Organising books

The photos below of the colour-organised bookshelves got me thinking about book organisation. I once got the task of organising a small school library. There were not a lot of books in it, probably about 1500 or so (certainly fewer than in my home library right now), but it was an eclectic collection of mostly reference books and novels, with some art and technical books in-between, all in no order at all, except fiction was kept in a different room so it wouldn’t get mixed up with the non-fiction. I decided right away that this was not a Dewey job and invented a coarse system that suited the library and the disorganised lending system.

This was the lending system: you took whatever books you wanted and returned them to the shelves once you were finished with them. Or not. There were no cards, no lending list and no catalogue, and most of the students (adults, one and all) could not be trusted to remember from what shelf they took the book, basically just sticking the books back wherever they found an empty space on the shelves.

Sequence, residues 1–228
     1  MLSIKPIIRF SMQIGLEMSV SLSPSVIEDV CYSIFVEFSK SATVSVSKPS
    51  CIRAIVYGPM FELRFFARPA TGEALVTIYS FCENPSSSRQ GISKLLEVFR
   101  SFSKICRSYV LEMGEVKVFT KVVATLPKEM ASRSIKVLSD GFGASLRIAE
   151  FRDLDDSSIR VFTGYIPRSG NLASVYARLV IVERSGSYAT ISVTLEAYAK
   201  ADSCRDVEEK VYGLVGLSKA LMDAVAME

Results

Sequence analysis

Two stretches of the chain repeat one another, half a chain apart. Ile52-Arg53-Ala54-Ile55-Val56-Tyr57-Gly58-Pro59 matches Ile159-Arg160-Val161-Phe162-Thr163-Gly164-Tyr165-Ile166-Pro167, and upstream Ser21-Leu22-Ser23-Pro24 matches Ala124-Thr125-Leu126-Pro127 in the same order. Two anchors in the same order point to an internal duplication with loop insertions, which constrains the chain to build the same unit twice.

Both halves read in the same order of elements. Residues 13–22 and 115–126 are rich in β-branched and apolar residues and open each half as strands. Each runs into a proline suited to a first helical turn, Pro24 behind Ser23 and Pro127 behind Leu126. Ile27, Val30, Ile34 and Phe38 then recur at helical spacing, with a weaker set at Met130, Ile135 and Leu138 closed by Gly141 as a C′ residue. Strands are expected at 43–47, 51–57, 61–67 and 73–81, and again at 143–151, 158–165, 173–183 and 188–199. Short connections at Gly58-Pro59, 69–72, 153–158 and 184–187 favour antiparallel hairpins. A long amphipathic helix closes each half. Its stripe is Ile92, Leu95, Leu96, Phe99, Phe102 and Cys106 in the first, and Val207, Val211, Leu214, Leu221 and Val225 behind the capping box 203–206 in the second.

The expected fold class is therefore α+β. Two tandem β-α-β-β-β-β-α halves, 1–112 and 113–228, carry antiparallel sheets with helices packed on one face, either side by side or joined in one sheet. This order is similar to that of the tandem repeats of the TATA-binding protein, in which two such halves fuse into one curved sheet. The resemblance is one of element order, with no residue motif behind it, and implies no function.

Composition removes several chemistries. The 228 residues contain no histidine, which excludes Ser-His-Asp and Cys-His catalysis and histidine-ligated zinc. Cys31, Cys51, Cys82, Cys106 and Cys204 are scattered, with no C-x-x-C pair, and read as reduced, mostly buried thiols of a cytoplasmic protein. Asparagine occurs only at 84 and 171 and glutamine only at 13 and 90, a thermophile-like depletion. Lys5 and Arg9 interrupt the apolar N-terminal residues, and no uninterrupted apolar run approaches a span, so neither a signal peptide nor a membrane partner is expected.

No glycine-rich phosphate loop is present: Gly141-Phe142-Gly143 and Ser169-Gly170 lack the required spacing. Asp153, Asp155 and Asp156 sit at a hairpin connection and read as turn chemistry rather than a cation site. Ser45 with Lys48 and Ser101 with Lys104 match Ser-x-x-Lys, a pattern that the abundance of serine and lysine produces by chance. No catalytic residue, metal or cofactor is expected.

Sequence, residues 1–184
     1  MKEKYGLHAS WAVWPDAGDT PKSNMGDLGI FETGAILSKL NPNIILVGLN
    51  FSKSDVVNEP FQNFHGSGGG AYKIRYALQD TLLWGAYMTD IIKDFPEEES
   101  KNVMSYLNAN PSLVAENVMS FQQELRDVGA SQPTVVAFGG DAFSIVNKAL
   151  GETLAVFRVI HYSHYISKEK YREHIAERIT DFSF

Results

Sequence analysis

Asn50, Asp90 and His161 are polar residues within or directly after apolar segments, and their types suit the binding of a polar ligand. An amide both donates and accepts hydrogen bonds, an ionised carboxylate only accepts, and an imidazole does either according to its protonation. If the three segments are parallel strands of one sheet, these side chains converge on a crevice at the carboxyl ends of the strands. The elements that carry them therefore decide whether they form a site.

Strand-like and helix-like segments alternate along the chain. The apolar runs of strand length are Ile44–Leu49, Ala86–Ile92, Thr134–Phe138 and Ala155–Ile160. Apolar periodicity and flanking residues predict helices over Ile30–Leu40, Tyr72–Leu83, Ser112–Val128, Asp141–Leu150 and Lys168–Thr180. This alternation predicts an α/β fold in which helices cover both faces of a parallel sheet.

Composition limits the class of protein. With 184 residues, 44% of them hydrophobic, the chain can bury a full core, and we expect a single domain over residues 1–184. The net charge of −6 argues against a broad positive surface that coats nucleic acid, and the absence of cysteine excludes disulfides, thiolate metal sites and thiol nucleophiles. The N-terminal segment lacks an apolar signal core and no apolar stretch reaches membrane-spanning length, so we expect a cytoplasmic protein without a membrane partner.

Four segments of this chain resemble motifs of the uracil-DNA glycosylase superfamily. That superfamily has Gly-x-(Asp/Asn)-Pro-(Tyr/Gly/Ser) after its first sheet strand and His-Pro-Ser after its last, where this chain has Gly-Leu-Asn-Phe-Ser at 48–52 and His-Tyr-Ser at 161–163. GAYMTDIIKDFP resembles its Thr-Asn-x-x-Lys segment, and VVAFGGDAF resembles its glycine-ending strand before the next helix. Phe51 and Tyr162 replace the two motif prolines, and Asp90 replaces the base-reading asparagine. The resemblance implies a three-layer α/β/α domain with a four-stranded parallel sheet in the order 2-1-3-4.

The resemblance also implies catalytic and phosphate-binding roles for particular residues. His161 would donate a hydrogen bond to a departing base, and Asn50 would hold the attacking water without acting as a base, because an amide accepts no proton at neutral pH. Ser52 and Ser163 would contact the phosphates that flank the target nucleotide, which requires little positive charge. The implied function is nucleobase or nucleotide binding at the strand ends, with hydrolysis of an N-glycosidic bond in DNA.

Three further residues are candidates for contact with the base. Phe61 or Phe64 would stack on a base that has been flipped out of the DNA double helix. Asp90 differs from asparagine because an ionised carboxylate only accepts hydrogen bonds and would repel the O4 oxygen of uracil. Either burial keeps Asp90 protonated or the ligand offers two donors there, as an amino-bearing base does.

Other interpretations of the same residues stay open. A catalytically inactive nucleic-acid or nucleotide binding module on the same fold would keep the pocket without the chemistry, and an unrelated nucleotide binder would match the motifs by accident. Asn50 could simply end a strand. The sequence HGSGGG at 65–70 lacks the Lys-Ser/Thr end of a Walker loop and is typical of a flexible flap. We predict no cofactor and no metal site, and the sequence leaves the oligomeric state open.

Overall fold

I divided the books into broad categories: art & architecture, science & maths, guide books, geography & travelogues, etc. and stuck a coloured label on the spine where regular libraries put the Dewey label. Then I alphabetised the fiction by author and arranged the rest on the shelves alphabetically by the labels, knowing full well that that trying to organise them by genre would only end in confusion. The system meant that once you had learned the colour codes you could quickly find the kind of book you wanted, even though it was not in alphabetical order, because there were not a whole lot of books in each category, usually less than 100. I would be interested in seeing if the system is still in use...

Link to part 2.


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